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Kavanaugh draws the wrong lesson from Ford’s 1974 Nixon pardon

Last week, Justice Brett Kavanaugh wanted to talk about Gerald Ford’s decision to pardon Richard Nixon in 1974, but I don't think he's actually read it.


Donald Trump’s immunity claims reached the U.S. Supreme Court last week, and during oral arguments, Justice Brett Kavanaugh — a Trump nominee — thought it’d be a good idea to bring up Gerald Ford’s decision to pardon Richard Nixon in 1974.

The then-president’s decision, the conservative jurist said, was “very controversial in the moment.” Former Deputy Solicitor General Michael Dreeben, a member of special counsel Jack Smith’s team agreed.

It was “hugely unpopular” and “probably why” Ford lost in 1976, Kavanaugh said, and again, Dreeben agreed.

The justice then added, however, that Ford’s decision is now “looked upon as one of the better decisions in presidential history, I think, by most people.” Kavanaugh, kicking around the idea that presidents might need to be shielded, imagined whether Ford might’ve been concerned about facing an obstruction investigation for having interfered with prosecutors’ case against Nixon.

In context, the justice’s point seemed to be that Ford did something courageous, and the Republican has been vindicated by history, but the then-president might not have taken this commendable step if he were concerned about possibly being held criminally liable — all of which, Kavanaugh suggested, speaks to the need for some kind of presidential immunity.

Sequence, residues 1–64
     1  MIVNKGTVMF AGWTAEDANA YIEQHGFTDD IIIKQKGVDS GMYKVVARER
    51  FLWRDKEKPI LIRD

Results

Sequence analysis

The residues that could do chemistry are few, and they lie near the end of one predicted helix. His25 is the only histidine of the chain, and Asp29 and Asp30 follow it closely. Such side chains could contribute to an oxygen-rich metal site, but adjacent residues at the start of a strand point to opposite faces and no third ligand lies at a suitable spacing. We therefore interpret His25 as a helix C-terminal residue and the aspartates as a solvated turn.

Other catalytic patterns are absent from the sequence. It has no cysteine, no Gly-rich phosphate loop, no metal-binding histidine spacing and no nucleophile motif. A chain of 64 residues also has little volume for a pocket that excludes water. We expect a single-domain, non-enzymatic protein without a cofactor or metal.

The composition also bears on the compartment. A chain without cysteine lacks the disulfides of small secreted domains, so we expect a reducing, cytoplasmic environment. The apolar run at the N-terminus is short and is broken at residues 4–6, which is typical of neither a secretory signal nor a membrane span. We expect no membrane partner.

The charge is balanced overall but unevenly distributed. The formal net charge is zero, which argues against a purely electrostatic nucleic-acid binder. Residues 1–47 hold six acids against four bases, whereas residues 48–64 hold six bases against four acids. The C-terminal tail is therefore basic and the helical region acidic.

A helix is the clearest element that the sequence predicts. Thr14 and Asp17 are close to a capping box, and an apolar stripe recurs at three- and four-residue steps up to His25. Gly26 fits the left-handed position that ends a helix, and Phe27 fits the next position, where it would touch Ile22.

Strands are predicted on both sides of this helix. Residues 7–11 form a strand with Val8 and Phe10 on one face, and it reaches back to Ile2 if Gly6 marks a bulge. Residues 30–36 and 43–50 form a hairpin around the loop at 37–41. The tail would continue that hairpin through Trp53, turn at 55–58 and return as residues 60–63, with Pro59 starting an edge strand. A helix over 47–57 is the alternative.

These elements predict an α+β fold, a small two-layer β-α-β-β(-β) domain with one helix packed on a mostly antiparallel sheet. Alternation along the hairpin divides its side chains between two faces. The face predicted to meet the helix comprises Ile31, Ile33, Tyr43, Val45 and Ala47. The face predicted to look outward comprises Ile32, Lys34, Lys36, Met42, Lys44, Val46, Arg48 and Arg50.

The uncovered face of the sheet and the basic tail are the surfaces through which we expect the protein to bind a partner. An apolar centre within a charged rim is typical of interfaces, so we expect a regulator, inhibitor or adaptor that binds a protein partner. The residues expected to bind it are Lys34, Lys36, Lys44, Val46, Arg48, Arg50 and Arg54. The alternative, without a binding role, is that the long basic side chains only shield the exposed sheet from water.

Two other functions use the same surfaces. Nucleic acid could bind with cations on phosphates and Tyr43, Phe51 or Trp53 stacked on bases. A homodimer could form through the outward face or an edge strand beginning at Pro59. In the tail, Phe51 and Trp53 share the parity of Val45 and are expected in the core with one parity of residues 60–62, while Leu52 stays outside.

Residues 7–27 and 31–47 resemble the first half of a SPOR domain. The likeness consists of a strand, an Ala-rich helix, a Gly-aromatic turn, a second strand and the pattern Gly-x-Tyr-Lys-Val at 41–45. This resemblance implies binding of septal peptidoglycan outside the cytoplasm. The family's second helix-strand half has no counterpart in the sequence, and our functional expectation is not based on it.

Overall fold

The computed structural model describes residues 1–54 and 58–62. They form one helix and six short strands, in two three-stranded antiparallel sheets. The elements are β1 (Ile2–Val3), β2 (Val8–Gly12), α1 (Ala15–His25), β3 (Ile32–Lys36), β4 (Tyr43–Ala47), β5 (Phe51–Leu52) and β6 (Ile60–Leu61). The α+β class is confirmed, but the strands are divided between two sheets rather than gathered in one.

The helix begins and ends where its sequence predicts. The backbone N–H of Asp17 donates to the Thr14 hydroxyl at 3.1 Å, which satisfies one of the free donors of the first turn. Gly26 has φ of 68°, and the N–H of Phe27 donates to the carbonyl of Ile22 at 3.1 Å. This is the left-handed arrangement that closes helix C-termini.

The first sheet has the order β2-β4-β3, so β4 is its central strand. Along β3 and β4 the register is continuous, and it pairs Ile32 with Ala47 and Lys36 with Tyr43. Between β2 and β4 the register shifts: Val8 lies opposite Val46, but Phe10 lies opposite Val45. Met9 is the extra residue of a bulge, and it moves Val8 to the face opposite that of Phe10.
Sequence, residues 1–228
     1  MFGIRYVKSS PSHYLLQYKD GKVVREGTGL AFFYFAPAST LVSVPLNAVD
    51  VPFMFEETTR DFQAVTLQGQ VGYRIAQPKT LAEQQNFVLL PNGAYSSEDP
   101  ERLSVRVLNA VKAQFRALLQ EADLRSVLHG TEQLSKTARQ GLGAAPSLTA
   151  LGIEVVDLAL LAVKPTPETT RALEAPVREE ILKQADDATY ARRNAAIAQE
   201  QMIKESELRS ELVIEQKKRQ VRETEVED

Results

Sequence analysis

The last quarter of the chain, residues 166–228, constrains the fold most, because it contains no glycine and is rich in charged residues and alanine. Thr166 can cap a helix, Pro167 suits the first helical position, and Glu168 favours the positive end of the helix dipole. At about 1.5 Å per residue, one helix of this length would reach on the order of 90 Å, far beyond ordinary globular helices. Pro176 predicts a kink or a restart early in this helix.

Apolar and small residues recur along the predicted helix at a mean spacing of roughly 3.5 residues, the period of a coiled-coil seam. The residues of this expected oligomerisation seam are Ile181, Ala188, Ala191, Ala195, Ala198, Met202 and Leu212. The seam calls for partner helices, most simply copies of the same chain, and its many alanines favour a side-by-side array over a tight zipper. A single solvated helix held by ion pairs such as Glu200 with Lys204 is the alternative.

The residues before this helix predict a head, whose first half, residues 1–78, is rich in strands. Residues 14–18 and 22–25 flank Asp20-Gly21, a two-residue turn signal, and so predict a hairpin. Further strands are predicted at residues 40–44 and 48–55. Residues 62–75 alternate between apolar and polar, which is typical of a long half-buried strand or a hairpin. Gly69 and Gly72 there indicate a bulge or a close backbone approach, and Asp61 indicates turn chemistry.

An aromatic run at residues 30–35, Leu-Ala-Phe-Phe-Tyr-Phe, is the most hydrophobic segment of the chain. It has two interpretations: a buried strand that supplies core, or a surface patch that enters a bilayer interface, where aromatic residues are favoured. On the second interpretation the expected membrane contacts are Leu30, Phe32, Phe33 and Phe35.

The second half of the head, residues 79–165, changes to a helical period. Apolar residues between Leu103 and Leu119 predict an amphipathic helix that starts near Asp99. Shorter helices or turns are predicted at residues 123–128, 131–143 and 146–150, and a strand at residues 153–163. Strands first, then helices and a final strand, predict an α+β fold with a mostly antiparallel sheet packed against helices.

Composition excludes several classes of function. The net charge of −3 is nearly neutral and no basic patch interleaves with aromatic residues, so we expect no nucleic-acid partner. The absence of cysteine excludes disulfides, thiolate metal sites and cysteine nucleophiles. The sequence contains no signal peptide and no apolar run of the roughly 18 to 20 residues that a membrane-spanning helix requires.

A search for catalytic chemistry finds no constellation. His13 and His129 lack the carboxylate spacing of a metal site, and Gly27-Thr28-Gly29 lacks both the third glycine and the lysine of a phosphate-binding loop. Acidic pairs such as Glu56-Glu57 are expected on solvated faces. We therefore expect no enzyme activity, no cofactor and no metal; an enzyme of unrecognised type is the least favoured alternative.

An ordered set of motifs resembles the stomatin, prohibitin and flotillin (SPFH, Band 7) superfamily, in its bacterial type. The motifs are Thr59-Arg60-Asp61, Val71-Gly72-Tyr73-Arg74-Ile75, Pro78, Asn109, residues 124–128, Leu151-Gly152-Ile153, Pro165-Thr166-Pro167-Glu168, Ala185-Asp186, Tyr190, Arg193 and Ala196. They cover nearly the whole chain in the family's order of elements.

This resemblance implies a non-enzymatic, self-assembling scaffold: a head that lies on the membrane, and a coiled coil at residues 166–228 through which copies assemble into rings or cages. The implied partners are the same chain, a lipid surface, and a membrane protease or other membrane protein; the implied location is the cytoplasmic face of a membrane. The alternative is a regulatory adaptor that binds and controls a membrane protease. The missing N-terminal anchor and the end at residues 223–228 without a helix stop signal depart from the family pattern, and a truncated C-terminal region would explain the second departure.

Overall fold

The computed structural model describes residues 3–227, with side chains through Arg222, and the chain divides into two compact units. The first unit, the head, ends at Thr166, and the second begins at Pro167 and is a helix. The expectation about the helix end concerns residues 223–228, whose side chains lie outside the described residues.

But there are a handful of important problems with this.

First, Ford made no claims to presidential immunity and faced no prosecutorial scrutiny in the wake of his Nixon pardon.

Second, Kavanaugh’s claim that “most people” see Ford’s pardon as “one of the better decisions in presidential history” is unsupported by evidence. A Washington Post analysis last week noted that scholars and Americans in general do not necessarily hold Ford’s decision in such a high regard.

And third, I’m curious about whether Kavanaugh has ever actually read Ford’s pardon.

Perhaps the justice should’ve watched Rachel Maddow talk to Chris Hayes about this in February, when she explained why Ford’s pardon discredits the idea that the immunity argument somehow constitutes an open question.

From Ford’s pardon:

“As a result of certain acts or omissions occurring before his resignation from the Office of President, Richard Nixon has become liable to possible indictment and trial for offenses against the United States. Whether or not he shall be so prosecuted depends on findings of the appropriate grand jury and on the discretion of the authorized prosecutor. Should an indictment ensue, the accused shall then be entitled to a fair trial by an impartial jury, as guaranteed to every individual by the Constitution.”

So let’s take stock. The Supreme Court heard oral arguments last week in a case in which a corrupt and indicted former president, fearing legal consequences, is claiming absolute immunity. At least some of the justices treated the underlying question as legitimate and unresolved.

It was against this backdrop that one of the justices chosen for the high court by the corrupt and indicted former president pointed to Ford’s pardon of Nixon — which largely answered the question that the jurist and his colleagues are pondering, by explaining in plain test that a former president was subject to prosecution for alleged crimes he committed while in office.